Artifact Blogging Grounds

A community of blogs from ancient artifact enthusiasts. Blogs pertain to Indian relics, ancient artifacts, and artifact collections.
Jim Bennett

Of the millions of artifacts that have been collected over the years, a few are so exquisite they become well known throughout the artifact collecting community. Many of these rare few artifacts take on their own name along the way as a tribute to their individuality and rarity. Examples of this would be the Sweetwater Bi-face, one of the thinnest and largest blades in existence - or the Rinehart Dove, a massive Dovetail knife that will have Dovetail collectors drooling for decades to come. Another such example of the personification of an artifact is the artifact pictured here, known for obvious reasons as "Old Scarface".
 
Old Scarface is in the collection of Mr. Charlie Wagers in Ohio, and recently I was honored with an invitation to view this magnificent collection with permission to photograph some of the artifacts for my upcoming books.  While I was at Mr. Wager's, I was amazed and intrigued by many of the super relics this collection houses, and I was able to obtain some great photographs for the Bannerstone Artifact book I am completing for the late Lar Hothem - yet - while I was there, I just couldnt leave Old Scarface sitting on the shelf. While the main purpose of the visit was to photograph bannerstones and atlatl hooks, standing only a few feet away for the display case that housed Old Scarface was too much to bare. Towards the end of the evening, as I was finishing shooting photographs of some wonderful bottle banners and composite atlatl hooks, Mr. Wagers invited Old Scarface out of his case for a short visit. As I held him and turned him over in my hands, I was amazed at the amount of detail that was put into this centuries old work of art.




Jim Bennett

We all know that an artifact in one's hand is like holding a link to the past. Iit is hard not to visualize in our minds the ancient crafter making the item, and then using it for its intended purpose. While many artifacts are similar and their use pretty much the same (example - flint dart points), others have something about them that is different, and their link to the ancient past has more to tell.  Anciently salvaged artifacts are an example of this - and I find them fascinating to collecting. A broken point that was renotched, a knife that was reworked, a pendant that was broken and then redrilled are some examples of such salvaged items.  But adding another layer of intrigue to salvage relics are those artifacts which were broken and discarded, only to be picked up hundreds or thousands of years later by another ancient one and then salvaged and put back into use. Think about this: You are walking along 5,000 years ago - you look down, and there is a big knife with a broken base. First, it would be a curiosity even back then to pick it up and look it over - see how it was made, what the material was, etc. Then, if it were possible to add a couple notched and use it again, why not? It would save time as it is already made. Add in the fact that we do not really know the mystic qualities of such items in ancient times, but it is possible that they viewed such items as good luck, or a link to their own past. Who knows. What we do know, is that tools were in fact picked up generations later and put back in use, and such items are a favorite of mine to collect. With that being said - I came across this flint hoe not long ago.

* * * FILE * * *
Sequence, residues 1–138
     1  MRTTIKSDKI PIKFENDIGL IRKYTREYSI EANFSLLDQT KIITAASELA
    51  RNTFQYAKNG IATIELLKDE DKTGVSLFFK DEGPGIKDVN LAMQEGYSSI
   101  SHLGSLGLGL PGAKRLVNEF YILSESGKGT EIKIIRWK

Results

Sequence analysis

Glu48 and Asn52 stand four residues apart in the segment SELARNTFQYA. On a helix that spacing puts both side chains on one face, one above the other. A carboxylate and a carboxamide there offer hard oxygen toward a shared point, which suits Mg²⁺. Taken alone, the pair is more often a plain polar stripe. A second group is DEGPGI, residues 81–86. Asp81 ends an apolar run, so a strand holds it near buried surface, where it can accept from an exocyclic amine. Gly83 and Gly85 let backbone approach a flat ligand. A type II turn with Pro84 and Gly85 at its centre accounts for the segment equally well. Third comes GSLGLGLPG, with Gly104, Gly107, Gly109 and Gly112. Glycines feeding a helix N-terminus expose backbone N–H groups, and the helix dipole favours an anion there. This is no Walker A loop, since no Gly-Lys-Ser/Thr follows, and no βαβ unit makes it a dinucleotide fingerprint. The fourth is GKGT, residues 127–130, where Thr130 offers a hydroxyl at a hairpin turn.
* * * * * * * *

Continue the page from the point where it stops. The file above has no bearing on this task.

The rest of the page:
Aug 12, 2010

"Backed" Knives

Jim Bennett

I was sitting here writing descriptions for the artifacts that are going into our next auction, and I came across this knife. I picked it up, turned it over in my hand and thought to myself, neat relic - it's a backed-knife.  Then as I set it aside, I began to wonder if everyone knew what a backed-knife was? So, I decided I would stick a couple of pictures up here and some info in case anyone out there hasn't run across a backed-knife.


Aug 12, 2010

Divoted Net Weights

Jim Bennett

 


Jim Bennett

Not every piece of slate with a hole drilled in it and made in ancient times is a pendant. The piece pictured here is in fact an ancient artifact - but, it is not a pendant as it was reported to be when it was sold to a collector I met not long ago who was selling me part of his collection.  As I looked at the relic, he related that he bought it from a dealer who told him it was found in Ohio, and that it was a drilled slate pendant. Well - it is drilled, and it is made from a type of slate - but the fact is that is not a pendant, and it is not from Ohio. Actually, this relic hails from just a bit farther west than Ohio - like China.


Aug 12, 2010

A Couple Slate Traits

Jim Bennett

I was putting this gorget up on in my store at the sales gallery on arrowheads.com, and as I was describing it, I thought I would pop in here and mention a couple of the terms that are often heard when talking about slate - those being "hole wear" and "spotting".  So, I took a few extra pics, and here are the explanations of these two terms:


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